Tag Archives: Nordstrom

Social Media Doesn’t Make the Cash Register Ring

As with many of you, we have a presence on Facebook for the First Friday Book Synopsis.  Many of you are members of the group that we established.  It is fun to interact with you through that group every day.

It is important to remember that Social Media has limits as to what it can produce.  It is what it is – it is “social,” and its intent is to share information, reactions, opinions, and presence.   Many have tried to use Social Media for other purposes, and in fact, seminars are plentiful that purport to show you how to build business by maximizing and tweaking your presence with the various tools.

Click here  for access to a full article published on February 21 in the Dallas Morning News about business results from Facebook.  They are not impressive, and the trends below may surprise you, as they run counter to common-sense publicity about social media.  Here is an excerpt from the article:

“Last April, Gamestop Corp. opened a store on Facebookto generate sales among the 3.5 million-plus customers who’d declared themselves “fans” of the video game retailer. Six months later, the store was quietly shuttered.  Grapevine-based Gamestop has company. Over the past year, Gap Inc. , Plano-based J.C. Penney Co. and Nordstrom Inc. have all opened and closed storefronts on Facebook Inc.’s social networking site.  Facebook, which this month filed for an initial public offering, has sought to be a top shopping destination for its 845 million members.  The stores’ quick failure shows that the Menlo Park, Calif.-based social network doesn’t drive commerce and casts doubt on its value for retailers, said Sucharita Mulpuru, an analyst at Forrester Research in Cambridge, Mass.  “There was a lot of anticipation that Facebook would turn into a new destination, a store, a place where people would shop,” Mulpuru said. “But it was like trying to sell stuff to people while they’re hanging out with their friends at the bar.”

These  results do not surprise me.  If you count on Social Media to build sales, that is neither its intent, nor a probable outcome. 

Don’t get me wrong.  I like Social Media.  I access Facebook and Twitter several times a day.  In fact, my MBA class on research methods at the University of Dallas is studying it during this term. 

But, I am aware of what it is supposed to do, and what it can do.   It is what it is.  It raises awareness, but it doesn’t make the cash register ring.  Don’t be disappointed when it doesn’t do something it is not.

What do you think?  Let’s talk about this really soon.

The Story of the Little Black Dress – Customer Service Par Excellence

I don’t remember which book I read this in.  It was quite a few years ago.  And, I suspect that I have a detail or two off, or missing.  But I know I’ve got the overall story right.  Here it is.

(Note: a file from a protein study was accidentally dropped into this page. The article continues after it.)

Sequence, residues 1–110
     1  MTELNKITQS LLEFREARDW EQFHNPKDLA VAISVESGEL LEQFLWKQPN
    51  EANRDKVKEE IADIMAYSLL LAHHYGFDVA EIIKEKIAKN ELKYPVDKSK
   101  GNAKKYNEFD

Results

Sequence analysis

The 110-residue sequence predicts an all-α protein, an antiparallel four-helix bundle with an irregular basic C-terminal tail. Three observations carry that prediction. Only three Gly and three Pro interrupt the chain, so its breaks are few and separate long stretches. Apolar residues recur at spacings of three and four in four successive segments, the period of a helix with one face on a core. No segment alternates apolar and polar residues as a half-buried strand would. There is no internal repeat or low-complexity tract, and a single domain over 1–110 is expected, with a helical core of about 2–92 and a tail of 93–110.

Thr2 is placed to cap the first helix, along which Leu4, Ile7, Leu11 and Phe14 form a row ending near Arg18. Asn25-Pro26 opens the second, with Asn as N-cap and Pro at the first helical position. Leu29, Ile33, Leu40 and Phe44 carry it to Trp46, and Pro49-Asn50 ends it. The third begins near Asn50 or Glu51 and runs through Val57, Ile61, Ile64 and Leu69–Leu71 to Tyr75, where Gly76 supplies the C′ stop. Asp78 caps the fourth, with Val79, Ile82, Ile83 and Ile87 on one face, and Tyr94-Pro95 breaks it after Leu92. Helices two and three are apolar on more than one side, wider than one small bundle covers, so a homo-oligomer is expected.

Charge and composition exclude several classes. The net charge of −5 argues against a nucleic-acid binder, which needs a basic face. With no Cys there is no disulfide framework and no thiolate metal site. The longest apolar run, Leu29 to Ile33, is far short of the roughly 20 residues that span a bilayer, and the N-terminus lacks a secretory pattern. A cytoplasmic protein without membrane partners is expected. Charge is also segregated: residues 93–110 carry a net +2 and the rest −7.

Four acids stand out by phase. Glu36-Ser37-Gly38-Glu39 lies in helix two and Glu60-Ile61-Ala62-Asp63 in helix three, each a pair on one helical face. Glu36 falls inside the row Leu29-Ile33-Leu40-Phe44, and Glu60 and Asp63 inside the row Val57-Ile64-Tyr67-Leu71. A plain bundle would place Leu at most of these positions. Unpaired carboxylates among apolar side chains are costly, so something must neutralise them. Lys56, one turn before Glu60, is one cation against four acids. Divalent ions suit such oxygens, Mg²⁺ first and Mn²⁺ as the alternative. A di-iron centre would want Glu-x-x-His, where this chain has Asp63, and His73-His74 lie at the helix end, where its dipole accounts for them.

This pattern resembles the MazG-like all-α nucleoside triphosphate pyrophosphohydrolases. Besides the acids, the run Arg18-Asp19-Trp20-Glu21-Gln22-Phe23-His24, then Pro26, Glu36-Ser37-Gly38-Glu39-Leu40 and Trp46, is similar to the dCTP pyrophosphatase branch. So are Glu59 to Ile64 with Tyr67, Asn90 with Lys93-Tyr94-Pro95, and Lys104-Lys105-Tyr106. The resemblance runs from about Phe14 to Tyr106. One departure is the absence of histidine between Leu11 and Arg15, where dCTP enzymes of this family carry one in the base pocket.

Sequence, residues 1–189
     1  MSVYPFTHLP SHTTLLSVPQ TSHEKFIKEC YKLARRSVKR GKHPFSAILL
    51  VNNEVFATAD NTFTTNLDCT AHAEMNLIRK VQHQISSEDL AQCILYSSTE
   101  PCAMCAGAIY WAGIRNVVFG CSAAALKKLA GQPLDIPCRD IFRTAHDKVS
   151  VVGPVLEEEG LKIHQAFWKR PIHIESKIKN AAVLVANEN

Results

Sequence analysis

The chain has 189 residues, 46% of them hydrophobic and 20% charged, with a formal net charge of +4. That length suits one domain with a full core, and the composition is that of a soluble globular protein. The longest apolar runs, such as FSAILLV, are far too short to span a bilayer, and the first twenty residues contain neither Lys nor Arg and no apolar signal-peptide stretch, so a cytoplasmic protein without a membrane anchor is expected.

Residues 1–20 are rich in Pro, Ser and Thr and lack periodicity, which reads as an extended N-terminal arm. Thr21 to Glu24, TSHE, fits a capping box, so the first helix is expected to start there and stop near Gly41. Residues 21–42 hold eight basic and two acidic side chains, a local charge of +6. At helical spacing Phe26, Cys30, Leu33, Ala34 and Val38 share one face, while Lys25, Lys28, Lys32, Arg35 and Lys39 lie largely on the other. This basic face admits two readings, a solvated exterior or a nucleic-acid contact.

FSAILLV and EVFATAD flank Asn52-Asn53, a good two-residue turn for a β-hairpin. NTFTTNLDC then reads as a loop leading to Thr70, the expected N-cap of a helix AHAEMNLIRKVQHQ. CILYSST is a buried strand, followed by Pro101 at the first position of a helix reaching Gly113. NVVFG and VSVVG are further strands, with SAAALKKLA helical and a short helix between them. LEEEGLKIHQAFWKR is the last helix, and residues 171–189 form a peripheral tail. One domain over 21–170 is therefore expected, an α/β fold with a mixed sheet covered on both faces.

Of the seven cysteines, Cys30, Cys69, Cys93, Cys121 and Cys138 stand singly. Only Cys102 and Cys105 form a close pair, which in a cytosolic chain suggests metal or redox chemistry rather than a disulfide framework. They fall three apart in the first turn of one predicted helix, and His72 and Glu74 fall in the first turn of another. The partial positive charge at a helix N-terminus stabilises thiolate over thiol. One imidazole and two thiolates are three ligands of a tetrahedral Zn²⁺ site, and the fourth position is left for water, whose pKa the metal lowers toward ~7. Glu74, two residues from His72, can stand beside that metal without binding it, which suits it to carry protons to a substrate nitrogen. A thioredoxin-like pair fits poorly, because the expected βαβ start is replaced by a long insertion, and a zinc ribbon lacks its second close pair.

A woman called her regular salesperson (her personal shopper) at a Nordstrom location in Southern California.  She said that she needed the little black dress that was in the corner window inside the mall (she described it in detail), and she needed it for a party by the next day.  And she did not have time to come get it.  Could the salesperson overnight it to her?

The next day, she received the dress, the very one she had had described.  Inside the box was a note from the salesperson that went something like this:

“Here is your dress.  I knew exactly which dress it was from your description.  It was actually in the Saks window.  So, I went to buy it on my break.  I paid for it with my own credit card, so if you don’t mind, could you please send me a personal check directly?  I hope you have fun at your party.”

Needless to say, this cemented this person’s loyalty to that personal shopper, and it added to the legend of Nordstrom’s customer service reputation.

Here are the customer service lessons:

1) Know your customers. Do whatever it takes to please your customer.  The extra effort builds your relationships, your reputation, your future.

2) Know your competitors. This salesperson knew not only the offerings from her own store, but she also knew what her competitors had to offer.  That knowledge sent her to the right store to purchase this particular dress for her customer.

3) Be willing to think outside of the norm. This salesperson was willing to obtain the dress from a competitor to keep her customer happy.

4) Do exactly what is best for the customer – don’t try to do what is better for you. In this case, many salespeople would have said, “you’re thinking of a dress from another store – but we have a dress that is similar, that I think you would like just as much.”  No, the customer had her mind made up – she just did not remember which window she saw the dress in.  And this salesperson set out to please the customer, not please herself.

All jobs demand some combination of sales and customer service.  This story reminds us what excellence looks like.